AFTER what has just happened in Cape Town it is perhaps difficult to get too worked up about another England Test defeat away from home.
England lost by an innings and 49 runs against New Zealand in Auckland, their 10th defeat in 12 away Tests, leaving a familiar feeling of deja vu.
Meanwhile, over in South Africa, the game is burning with Australian cricket in crisis over the ball-tampering scandal.
No one seems unduly concerned about the actual cricket at present with the wider health of the sport dominating the agenda after Australia dragged it into the emergency department.
Certainly there was no better time for England to be reduced to 27-9 and then bowled out for 58 en route to another thumping away defeat as the cricketing world’s focus naturally turns elsewhere.
There was simply no way back for Joe Root’s men after those first 90 minutes at Eden Park on Thursday, not even accounting for more than a day and a half being lost to rain, with England’s first innings capitulation deciding the contest.
Although England fought much harder in their second innings, scoring 320 before being dismissed with 18.5 overs of the match remaining, New Zealand’s first innings 427-8 declared proved a mountain too high.
Now England have one last chance to take anything out of the Test match winter, having earlier lost 4-0 in Australia, when the second and final Test against the Kiwis starts in Christchurch on Thursday at 11pm our time.
Yes, it might be difficult to get too worked up about England’s latest Test defeat, but not to the extent that it should be conveniently swept under the carpet by the antics of Australia’s “leadership group”.
England need to change something at Christchurch’s Hagley Oval – and a change in personnel would be a good start.
Yes, it might be difficult to get too worked up about England’s latest Test defeat, but not to the extent that it should be conveniently swept under the carpet by the antics of Australia’s “leadership group”.Chris Waters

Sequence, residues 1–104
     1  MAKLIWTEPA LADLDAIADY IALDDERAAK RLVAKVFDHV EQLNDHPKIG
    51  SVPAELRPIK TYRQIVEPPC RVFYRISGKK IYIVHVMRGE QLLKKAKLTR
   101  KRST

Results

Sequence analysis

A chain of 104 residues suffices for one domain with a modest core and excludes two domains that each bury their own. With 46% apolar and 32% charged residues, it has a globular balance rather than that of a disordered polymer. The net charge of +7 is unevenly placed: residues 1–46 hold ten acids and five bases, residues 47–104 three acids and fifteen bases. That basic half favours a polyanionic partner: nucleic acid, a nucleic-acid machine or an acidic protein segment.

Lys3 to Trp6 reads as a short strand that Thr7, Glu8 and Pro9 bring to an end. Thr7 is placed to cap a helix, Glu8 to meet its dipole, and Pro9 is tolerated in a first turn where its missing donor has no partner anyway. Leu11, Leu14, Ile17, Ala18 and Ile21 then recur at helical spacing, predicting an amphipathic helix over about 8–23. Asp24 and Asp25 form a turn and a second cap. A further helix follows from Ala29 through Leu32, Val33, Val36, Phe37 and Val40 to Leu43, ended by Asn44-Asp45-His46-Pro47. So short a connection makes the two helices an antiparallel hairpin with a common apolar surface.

If England have learned anything from the Ashes, when their bowling attack was exposed as one-dimensional, it is not immediately apparent given that they are still picking the same sort of players and a spinner who is struggling.
Why not bring in the pace of Mark Wood for Christchurch and the spin of Jack Leach? In an attack lacking an X-factor, even a Z-factor would be preferable to the present state of affairs.
Batting alternatives are thin on the ground; if James Vince is the answer then some would say that the problem rests with the question, but why not give Liam Livingstone a go in Christchurch?
Things need to be shaken up and some thinking done “outside the box”, as they no doubt say in leadership groups.
At the same time England’s batsmen are, by and large, the best that we have. Alastair Cook’s best days are behind him, but he is, perhaps, just as likely to have a storming summer as anyone.
Root is one of the world’s best; ditto Jonny Bairstow, while Ben Stokes’s qualities also speak for themselves. One man who will be looking over his shoulder, however, is Mark Stoneman, who has not done enough to these eyes to suggest that he is any better than someone like Adam Lyth.
Stoneman is a fine batsman, but at the moment his place in the side looks a bit like his nickname – “rocky”.
Although England’s first-innings performance in Auckland was not good enough, as Root readily admitted, England’s problems are also indicative of the fact that precious few players these days have the mindset and skill to bat for long periods.
Individually each England player is perfectly capable of doing that, particularly a Test specialist such as Cook, but the different skills needed for those who play red- and white-ball cricket have never been further apart, while it is difficult for players to find form if the warm-up matches consist of a couple of Mickey Mouse affairs of low intensity.
Only a few weeks before he walked out to bat in the first innings at Auckland, Cook was lambing on the family farm.
One-day cricket has changed everything, and the desire of batsmen to dominate the bowling and score boundaries is ubiquitous; Stokes’s dismissal for the top score of 66 yesterday in the final over before the dinner break was a classic example of an innings of patience and control suddenly undone by a rush of blood.
Nor should New Zealand’s bowling attack be underestimated; Trent Boult and Tim Southee are among the best around.
Although the cricket itself may be taking a back seat at present, one thing that the Auckland Test did show was that two teams can go hard at each other without resorting to the sorry antics shown by the Australians.
No team is whiter-than-white – certainly not England – but Root and his New Zealand counterpart Kane Williamson presided over a contest that was played in the right spirit and a credit to both men.